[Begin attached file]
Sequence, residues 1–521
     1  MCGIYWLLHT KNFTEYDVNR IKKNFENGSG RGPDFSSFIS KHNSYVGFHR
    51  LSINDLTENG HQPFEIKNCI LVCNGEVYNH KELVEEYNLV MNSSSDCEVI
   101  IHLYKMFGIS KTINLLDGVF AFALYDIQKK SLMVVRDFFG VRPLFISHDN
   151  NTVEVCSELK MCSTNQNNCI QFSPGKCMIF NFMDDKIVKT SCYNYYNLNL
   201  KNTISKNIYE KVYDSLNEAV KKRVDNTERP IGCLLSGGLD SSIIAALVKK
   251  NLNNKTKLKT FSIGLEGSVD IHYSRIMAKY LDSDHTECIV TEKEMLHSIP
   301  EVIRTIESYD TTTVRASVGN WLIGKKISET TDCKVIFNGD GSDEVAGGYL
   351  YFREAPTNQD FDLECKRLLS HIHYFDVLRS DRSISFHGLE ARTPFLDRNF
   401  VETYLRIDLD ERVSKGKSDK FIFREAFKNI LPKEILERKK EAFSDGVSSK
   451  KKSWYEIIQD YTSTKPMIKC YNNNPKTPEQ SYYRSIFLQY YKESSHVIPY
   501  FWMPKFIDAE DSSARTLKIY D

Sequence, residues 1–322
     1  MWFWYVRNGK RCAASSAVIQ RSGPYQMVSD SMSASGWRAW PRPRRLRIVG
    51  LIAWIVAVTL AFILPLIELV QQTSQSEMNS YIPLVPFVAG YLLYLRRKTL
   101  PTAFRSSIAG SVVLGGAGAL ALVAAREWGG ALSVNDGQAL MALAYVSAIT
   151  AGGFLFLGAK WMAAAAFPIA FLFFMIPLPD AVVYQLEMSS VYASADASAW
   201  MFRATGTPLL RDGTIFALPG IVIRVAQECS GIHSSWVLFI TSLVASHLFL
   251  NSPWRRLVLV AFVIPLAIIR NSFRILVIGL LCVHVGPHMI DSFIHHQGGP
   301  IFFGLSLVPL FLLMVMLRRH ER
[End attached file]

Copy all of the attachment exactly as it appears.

Sequence, residues 1–521
     1  MCGIYWLLHT KNFTEYDVNR IKKNFENGSG RGPDFSSFIS KHNSYVGFHR
    51  LSINDLTENG HQPFEIKNCI LVCNGEVYNH KELVEEYNLV MNSSSDCEVI
   101  IHLYKMFGIS KTINLLDGVF AFALYDIQKK SLMVVRDFFG VRPLFISHDN
   151  NTVEVCSELK MCSTNQNNCI QFSPGKCMIF NFMDDKIVKT SCYNYYNLNL
   201  KNTISKNIYE KVYDSLNEAV KKRVDNTERP IGCLLSGGLD SSIIAALVKK
   251  NLNNKTKLKT FSIGLEGSVD IHYSRIMAKY LDSDHTECIV TEKEMLHSIP
   301  EVIRTIESYD TTTVRASVGN WLIGKKISET TDCKVIFNGD GSDEVAGGYL
   351  YFREAPTNQD FDLECKRLLS HIHYFDVLRS DRSISFHGLE ARTPFLDRNF
   401  VETYLRIDLD ERVSKGKSDK FIFREAFKNI LPKEILERKK EAFSDGVSSK
   451  KKSWYEIIQD YTSTKPMIKC YNNNPKTPEQ SYYRSIFLQY YKESSHVIPY
   501  FWMPKFIDAE DSSARTLKIY D

Sequence, residues 1–322
     1  MWFWYVRNGK RCAASSAVIQ RSGPYQMVSD SMSASGWRAW PRPRRLRIVG
    51  LIAWIVAVTL AFILPLIELV QQTSQSEMNS YIPLVPFVAG YLLYLRRKTL
   101  PTAFRSSIAG SVVLGGAGAL ALVAAREWGG ALSVNDGQAL MALAYVSAIT
   151  AGGFLFLGAK WMAAAAFPIA FLFFMIPLPD AVVYQLEMSS VYASADASAW
   201  MFRATGTPLL RDGTIFALPG IVIRVAQECS GIHSSWVLFI TSLVASHLFL
   251  NSPWRRLVLV AFVIPLAIIR NSFRILVIGL LCVHVGPHMI DSFIHHQGGP
   301  IFFGLSLVPL FLLMVMLRRH ER